Screenshot: getadrip.co.uk

A UK company apparently hellbent on proving that wellness scammers exist outside Gwyneth Paltrow’s purview had to pull a £250 “fertility drip,” after doctors pointed out that the drip did not, in fact, help with fertility.

As reported by the Guardian, the drip in question comes courtesy of Get a Drip, which offers “affordable” IV hydration therapy at a handful of locations in the UK. Drips include the £125 “party drip,” a £200 “anti-ageing drip,” and £850-£3000 “skin brightening drips,” all of which comprise a handful of vitamins and, according, to medical experts, limited health benefits.

Advertisement

That’s a problem altogether, though if you want to blow hundreds of dollars trying to brighten your skin or minimize a hangover, that’s pretty much on you. But the “fertility drip” was a particularly troubling offering—around 1 in 7 couples in the UK have difficulty conceiving, according to the National Health Service, and treatment can be difficult and/or costly, even with publicly funded healthcare.

Just as shoving a jade egg up your vagina won’t balance your hormones, a handful of vitamins will not necessarily help someone struggling with real fertility issues get pregnant. And so, the £250 drip—which, again, had no real effect on a person’s fertility, not that a desperate layperson would necessarily know that—was a big problem.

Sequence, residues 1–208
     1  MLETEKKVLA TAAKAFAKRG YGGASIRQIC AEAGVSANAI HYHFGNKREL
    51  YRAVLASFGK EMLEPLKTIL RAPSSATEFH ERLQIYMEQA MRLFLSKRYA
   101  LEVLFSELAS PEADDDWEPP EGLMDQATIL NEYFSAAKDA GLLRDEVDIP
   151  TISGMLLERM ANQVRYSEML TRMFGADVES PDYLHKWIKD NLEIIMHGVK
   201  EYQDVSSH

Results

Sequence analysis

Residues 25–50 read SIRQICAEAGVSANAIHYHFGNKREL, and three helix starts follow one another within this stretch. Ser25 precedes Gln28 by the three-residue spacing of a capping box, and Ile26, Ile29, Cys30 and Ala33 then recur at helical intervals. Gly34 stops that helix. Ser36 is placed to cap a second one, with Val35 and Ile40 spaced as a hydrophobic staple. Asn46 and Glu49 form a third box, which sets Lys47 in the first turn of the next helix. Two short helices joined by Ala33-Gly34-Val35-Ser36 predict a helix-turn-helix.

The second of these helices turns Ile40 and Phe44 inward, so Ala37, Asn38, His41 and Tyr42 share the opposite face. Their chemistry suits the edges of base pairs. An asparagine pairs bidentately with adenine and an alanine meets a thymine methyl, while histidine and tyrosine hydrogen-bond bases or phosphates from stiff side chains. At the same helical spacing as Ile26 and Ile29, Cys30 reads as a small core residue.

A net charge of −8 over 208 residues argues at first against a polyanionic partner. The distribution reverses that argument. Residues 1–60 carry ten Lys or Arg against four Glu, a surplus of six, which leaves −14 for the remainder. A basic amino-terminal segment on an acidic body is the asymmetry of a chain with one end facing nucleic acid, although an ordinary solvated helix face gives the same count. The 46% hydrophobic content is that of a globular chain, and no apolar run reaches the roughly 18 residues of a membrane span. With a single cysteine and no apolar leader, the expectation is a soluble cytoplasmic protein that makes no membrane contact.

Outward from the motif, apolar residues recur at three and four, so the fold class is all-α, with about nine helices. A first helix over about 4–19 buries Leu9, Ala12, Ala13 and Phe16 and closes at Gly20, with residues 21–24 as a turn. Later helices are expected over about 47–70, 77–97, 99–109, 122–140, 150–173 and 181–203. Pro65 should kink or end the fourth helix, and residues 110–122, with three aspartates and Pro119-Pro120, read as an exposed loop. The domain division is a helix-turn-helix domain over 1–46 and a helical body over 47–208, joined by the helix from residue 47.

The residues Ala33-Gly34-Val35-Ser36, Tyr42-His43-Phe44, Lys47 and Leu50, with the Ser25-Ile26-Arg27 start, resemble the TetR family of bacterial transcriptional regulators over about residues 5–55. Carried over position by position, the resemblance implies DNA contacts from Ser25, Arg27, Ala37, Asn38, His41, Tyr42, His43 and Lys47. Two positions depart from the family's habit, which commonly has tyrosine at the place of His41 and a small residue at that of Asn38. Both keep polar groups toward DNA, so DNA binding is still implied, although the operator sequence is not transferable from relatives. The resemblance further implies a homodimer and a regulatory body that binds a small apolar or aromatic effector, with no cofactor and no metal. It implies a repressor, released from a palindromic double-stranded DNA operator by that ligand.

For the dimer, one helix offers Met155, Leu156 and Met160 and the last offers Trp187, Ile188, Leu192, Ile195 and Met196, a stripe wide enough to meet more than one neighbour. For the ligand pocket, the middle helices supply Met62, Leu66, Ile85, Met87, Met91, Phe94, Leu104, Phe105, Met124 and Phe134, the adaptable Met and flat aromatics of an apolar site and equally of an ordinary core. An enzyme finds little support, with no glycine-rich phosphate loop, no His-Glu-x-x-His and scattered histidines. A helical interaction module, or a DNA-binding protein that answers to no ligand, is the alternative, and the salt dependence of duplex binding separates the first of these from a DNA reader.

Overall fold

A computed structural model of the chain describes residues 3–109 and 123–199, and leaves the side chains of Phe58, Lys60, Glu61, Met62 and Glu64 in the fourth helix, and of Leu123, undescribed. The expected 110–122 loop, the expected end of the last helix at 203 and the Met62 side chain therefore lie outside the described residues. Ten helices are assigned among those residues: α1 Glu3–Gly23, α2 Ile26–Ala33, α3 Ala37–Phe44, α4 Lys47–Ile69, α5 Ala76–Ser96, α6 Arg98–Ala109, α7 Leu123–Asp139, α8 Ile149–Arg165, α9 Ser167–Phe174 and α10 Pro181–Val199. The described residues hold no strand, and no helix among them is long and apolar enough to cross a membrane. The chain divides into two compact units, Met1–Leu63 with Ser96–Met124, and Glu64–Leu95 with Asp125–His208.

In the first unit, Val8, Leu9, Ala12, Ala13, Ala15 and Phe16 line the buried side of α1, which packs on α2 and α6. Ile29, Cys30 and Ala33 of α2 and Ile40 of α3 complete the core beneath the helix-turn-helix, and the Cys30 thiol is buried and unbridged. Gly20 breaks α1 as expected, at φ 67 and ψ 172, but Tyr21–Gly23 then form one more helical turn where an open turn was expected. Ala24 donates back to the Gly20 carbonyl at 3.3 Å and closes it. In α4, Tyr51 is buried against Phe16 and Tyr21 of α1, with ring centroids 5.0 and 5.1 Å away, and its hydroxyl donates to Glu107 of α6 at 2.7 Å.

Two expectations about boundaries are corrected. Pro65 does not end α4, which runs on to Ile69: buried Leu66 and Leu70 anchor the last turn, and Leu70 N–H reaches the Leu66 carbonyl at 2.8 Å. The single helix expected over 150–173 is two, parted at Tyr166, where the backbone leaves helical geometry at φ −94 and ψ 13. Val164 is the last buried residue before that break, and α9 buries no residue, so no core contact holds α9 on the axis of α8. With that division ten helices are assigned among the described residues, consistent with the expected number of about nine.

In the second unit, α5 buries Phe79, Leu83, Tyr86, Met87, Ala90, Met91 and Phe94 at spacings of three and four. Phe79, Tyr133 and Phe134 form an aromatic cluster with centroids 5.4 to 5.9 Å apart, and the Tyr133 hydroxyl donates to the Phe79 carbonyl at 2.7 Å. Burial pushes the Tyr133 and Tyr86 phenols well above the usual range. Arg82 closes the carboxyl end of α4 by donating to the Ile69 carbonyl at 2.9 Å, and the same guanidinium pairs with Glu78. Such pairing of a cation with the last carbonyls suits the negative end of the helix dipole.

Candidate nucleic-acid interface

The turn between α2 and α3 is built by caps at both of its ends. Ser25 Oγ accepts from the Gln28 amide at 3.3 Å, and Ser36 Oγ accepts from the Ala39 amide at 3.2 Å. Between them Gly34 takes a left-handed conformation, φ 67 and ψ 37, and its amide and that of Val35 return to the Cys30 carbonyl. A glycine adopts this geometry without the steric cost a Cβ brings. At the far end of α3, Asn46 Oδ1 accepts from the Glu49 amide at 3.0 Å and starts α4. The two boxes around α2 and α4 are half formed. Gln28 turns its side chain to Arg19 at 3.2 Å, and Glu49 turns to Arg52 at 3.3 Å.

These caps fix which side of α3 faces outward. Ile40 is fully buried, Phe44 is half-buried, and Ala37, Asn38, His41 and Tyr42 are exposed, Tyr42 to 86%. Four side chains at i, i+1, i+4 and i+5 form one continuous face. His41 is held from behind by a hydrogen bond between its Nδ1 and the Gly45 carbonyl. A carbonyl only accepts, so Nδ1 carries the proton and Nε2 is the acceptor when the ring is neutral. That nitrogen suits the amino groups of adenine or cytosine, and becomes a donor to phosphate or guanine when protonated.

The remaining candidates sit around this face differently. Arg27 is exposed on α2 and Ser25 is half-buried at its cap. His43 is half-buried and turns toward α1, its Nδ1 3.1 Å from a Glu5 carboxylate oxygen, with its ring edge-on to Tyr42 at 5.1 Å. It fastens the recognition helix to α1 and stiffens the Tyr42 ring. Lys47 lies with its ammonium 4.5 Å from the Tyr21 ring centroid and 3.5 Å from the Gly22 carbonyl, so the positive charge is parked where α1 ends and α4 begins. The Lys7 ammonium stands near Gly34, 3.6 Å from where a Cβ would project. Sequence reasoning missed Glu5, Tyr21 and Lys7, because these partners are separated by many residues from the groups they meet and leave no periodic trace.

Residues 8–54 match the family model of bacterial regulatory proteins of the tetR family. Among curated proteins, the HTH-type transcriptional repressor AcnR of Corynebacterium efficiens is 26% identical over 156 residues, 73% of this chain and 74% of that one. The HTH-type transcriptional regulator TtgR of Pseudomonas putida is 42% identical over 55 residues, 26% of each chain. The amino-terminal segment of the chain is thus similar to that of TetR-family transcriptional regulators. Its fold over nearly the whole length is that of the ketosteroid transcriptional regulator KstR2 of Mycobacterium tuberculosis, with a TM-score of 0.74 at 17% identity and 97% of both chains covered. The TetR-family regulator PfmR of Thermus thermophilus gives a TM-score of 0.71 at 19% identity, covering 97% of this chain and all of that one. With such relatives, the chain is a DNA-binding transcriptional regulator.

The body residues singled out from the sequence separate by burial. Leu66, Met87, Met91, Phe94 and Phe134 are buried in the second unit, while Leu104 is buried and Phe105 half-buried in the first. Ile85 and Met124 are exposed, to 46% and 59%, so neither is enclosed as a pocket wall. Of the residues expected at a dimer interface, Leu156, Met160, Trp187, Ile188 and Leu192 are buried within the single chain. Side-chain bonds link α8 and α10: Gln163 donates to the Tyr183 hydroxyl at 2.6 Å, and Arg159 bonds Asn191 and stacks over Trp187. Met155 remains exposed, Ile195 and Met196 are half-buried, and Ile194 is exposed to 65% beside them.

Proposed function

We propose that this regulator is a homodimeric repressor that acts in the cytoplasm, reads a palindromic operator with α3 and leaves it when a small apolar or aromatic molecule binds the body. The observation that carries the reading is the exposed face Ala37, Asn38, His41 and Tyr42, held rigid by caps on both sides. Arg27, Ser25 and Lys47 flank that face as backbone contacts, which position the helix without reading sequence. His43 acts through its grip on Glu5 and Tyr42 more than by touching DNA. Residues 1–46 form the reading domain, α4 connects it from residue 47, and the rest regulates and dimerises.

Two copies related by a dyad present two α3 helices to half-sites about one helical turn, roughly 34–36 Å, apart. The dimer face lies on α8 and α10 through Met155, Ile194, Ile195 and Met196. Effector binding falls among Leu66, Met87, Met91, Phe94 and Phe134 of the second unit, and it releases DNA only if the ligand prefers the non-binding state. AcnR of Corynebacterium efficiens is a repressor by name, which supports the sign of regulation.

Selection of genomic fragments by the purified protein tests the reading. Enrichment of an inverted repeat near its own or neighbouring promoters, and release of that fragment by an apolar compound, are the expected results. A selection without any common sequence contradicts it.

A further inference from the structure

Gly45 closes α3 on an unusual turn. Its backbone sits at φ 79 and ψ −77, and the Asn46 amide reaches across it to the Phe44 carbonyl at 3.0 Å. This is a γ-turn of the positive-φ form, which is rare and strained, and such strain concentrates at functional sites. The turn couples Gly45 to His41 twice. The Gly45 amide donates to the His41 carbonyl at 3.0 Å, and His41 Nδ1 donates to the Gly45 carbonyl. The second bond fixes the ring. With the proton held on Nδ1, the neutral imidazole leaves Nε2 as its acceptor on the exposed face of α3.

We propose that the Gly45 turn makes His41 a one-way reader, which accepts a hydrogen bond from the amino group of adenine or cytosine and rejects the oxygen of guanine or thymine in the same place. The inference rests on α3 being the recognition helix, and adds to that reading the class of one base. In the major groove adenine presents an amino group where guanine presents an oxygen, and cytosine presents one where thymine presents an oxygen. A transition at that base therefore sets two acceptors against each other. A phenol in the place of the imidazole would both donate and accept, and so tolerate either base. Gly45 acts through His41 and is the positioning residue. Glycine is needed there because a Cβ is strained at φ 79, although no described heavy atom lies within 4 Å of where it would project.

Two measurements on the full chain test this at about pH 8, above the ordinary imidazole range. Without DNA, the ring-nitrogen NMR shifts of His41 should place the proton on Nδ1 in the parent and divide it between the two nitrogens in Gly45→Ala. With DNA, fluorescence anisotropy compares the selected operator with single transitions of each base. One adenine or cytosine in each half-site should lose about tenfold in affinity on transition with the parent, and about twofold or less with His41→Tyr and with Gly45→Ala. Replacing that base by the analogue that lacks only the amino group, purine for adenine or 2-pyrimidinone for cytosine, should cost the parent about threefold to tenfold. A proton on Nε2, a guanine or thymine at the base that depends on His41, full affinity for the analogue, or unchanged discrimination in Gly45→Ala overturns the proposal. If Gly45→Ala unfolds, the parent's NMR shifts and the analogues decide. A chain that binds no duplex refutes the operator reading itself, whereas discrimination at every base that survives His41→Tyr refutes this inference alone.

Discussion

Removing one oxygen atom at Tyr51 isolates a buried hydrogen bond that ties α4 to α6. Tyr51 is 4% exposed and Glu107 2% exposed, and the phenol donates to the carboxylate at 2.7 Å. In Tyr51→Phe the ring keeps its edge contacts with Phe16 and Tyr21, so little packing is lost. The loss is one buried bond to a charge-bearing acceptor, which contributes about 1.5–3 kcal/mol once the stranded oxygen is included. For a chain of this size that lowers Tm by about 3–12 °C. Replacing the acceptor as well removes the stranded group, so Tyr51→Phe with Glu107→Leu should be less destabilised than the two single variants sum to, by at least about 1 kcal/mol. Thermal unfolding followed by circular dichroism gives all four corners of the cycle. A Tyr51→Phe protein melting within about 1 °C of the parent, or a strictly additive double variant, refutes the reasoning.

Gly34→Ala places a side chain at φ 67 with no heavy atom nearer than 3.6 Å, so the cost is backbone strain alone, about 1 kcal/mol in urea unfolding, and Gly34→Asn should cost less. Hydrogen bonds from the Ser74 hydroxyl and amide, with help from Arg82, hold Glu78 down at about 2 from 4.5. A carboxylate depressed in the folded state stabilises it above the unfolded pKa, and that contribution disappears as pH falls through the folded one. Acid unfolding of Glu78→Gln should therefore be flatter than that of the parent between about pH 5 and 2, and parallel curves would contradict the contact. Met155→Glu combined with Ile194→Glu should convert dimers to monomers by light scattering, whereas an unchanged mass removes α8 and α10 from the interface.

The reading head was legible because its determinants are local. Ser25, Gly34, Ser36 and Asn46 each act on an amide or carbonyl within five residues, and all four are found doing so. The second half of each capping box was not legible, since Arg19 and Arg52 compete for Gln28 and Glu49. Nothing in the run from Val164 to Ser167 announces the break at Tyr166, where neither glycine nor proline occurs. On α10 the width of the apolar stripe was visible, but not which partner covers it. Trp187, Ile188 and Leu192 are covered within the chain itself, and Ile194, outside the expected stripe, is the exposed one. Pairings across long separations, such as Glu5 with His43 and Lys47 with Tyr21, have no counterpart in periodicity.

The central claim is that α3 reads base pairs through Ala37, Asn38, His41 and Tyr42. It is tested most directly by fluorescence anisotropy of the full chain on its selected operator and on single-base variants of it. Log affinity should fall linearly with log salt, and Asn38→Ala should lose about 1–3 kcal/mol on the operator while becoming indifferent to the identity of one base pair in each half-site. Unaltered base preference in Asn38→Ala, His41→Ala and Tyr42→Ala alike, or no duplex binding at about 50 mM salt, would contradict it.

Advertisement

A number of doctors and other groups pointed out this very fact. Per BBC News:

Katherine O’Brien, associate director of communications and campaigns at BPAS, said the fertility drip offered an unproven “quick fix at an extortionate cost”.

“There is no evidence that an IV drip of any combination of vitamins can improve a woman’s fertility,” she said.

“In promising hope to women at a very desperate time, we are concerned that, aside from providing no real benefit, these drips may be causing real damage to women’s emotional wellbeing.”

Advertisement

Get a Drip agreed to pull the drip, apologizing for its “insensitivity” and reiterating that its IV products are merely health supplements and not actual cures. “While we stand by the ingredients’ benefits, we understand that the issue of fertility is much deeper than nutrition,” founder Richard Chambers said in a statement. “We are deeply sorry for the insensitivity of the fertility drip and apologise wholeheartedly for any upset caused.”

We reached out to Get a Drip for comment and will update if and when we hear back.